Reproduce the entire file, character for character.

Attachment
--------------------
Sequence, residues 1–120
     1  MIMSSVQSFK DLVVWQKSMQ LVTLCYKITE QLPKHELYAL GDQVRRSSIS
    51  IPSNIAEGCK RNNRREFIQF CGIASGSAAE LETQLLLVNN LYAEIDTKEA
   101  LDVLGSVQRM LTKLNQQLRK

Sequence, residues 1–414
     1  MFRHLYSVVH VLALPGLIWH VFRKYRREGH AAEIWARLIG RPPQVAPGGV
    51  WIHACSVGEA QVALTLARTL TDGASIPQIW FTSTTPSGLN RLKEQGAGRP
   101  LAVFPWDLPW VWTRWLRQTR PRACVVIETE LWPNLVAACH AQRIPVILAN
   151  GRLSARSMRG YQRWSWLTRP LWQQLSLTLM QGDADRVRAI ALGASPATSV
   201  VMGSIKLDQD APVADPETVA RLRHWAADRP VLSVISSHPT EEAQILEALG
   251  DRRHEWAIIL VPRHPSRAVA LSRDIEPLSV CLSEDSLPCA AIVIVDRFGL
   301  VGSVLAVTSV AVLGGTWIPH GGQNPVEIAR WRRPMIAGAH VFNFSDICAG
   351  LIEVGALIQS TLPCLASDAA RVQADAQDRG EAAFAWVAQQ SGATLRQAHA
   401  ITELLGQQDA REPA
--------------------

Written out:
Sequence, residues 1–120
     1  MIMSSVQSFK DLVVWQKSMQ LVTLCYKITE QLPKHELYAL GDQVRRSSIS
    51  IPSNIAEGCK RNNRREFIQF CGIASGSAAE LETQLLLVNN LYAEIDTKEA
   101  LDVLGSVQRM LTKLNQQLRK

Sequence, residues 1–414
     1  MFRHLYSVVH VLALPGLIWH VFRKYRREGH AAEIWARLIG RPPQVAPGGV
    51  WIHACSVGEA QVALTLARTL TDGASIPQIW FTSTTPSGLN RLKEQGAGRP
   101  LAVFPWDLPW VWTRWLRQTR PRACVVIETE LWPNLVAACH AQRIPVILAN
   151  GRLSARSMRG YQRWSWLTRP LWQQLSLTLM QGDADRVRAI ALGASPATSV
   201  VMGSIKLDQD APVADPETVA RLRHWAADRP VLSVISSHPT EEAQILEALG
   251  DRRHEWAIIL VPRHPSRAVA LSRDIEPLSV CLSEDSLPCA AIVIVDRFGL
   301  VGSVLAVTSV AVLGGTWIPH GGQNPVEIAR WRRPMIAGAH VFNFSDICAG
   351  LIEVGALIQS TLPCLASDAA RVQADAQDRG EAAFAWVAQQ SGATLRQAHA
   401  ITELLGQQDA REPA